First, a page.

Corticosteroids for the management of parapneumonic pleural effusion in
children: a 15-year experience
Objective: Description of the use of corticosteroids for the management
of parapneumonic pleural effusion in children. Methods: Retrospective
monocenter cohort study of all children hospitalized with a discharge
diagnosis of parapneumonic pleural effusion during a 15-year period.
Results: We documented 97 cases of parapneumonic effusion during the
study period, with a median age (interquartile range (IQR)) of 43
(33-61) months. Most of the children benefited from an evacuation of the
pleural effusion (89/97, 91.8%): 21 patients (21.6%) were treated with
needle thoracocentesis only, while a chest tube was inserted in 68
children (70.1%). Thirty-two patients (33%) were treated with
intrapleural fibrinolysis. Fifty-five children (56.7%) received
corticosteroids for persistent fever. The median time (IQR) between
hospital admission and initiation of corticosteroids was 5.5 (4-7) days.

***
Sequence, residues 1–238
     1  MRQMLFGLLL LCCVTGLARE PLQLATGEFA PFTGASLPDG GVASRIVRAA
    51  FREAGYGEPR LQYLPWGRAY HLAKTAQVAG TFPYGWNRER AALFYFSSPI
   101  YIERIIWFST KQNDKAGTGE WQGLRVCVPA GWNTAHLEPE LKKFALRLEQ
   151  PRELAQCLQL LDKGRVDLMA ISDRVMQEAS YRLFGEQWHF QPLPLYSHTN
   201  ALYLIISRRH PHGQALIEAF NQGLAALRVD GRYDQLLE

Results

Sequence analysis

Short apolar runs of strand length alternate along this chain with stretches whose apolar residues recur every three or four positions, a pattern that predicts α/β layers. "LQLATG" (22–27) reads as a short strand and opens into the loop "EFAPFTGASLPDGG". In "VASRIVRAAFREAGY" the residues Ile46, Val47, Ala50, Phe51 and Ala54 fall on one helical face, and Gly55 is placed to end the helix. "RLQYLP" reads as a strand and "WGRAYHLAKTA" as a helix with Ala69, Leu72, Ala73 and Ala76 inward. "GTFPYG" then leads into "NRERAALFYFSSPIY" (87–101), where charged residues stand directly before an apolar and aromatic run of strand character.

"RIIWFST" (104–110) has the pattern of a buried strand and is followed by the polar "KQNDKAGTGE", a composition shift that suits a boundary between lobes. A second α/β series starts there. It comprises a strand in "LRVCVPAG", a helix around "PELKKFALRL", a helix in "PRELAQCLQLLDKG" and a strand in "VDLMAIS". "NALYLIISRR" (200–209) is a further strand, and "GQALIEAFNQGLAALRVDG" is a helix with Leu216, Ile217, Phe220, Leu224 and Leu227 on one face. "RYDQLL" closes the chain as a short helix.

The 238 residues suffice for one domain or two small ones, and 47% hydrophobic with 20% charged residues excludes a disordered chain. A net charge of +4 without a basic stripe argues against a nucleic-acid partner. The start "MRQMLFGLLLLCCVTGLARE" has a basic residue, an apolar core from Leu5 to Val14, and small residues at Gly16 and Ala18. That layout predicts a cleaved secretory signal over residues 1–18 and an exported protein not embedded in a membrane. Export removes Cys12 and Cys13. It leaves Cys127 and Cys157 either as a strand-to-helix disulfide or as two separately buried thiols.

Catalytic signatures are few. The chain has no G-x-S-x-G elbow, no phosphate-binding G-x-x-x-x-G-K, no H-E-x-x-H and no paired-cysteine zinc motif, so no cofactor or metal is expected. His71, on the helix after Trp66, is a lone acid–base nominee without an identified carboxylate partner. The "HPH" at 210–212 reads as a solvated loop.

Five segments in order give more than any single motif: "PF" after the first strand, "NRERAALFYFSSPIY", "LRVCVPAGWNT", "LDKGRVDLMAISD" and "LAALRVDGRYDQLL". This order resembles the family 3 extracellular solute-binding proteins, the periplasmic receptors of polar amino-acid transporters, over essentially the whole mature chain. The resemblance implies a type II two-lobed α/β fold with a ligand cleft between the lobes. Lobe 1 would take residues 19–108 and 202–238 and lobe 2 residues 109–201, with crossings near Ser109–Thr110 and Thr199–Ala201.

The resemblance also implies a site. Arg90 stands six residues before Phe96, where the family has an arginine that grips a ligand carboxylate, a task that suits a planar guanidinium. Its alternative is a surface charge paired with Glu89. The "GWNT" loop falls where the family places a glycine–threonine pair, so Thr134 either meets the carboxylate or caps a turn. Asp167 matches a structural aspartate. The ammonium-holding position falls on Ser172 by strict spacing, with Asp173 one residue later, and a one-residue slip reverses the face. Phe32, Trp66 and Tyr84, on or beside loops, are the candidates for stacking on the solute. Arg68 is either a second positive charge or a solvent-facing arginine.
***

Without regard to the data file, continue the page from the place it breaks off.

When corticosteroids were initiated, children were febrile since 9 (IQR
8-11) days. The fever ceased in a median (IQR) of 0 (0-1) day after
corticosteroids initiation. Only 1 patient required a video-assisted
thoracoscopy that was provided because of morphological reasons (morbid
obesity). No children treated with corticosteroids required surgery. All
children were discharged alive from hospital. The median (IQR) hospital
length of stay was 11 (8-14) days, with no difference between children
with and without corticosteroids. Conclusion: Our results indicate that
corticosteroids could be associated with a significant reduction in the
use of surgical procedures and with a prompt clinical improvement.
Corticosteroids could thus offer a non-invasive therapeutic alternative
for children with parapnemonic effusions when antibiotics and pleural
drainage are considered a failure.